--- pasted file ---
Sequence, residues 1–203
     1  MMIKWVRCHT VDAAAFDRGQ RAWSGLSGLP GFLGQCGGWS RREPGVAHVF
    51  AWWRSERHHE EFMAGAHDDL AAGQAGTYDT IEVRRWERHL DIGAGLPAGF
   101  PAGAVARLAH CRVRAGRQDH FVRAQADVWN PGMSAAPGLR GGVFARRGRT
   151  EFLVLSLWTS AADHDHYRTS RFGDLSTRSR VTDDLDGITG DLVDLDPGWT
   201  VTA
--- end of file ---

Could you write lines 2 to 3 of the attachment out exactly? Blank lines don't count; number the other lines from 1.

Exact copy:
     1  MMIKWVRCHT VDAAAFDRGQ RAWSGLSGLP GFLGQCGGWS RREPGVAHVF
    51  AWWRSERHHE EFMAGAHDDL AAGQAGTYDT IEVRRWERHL DIGAGLPAGF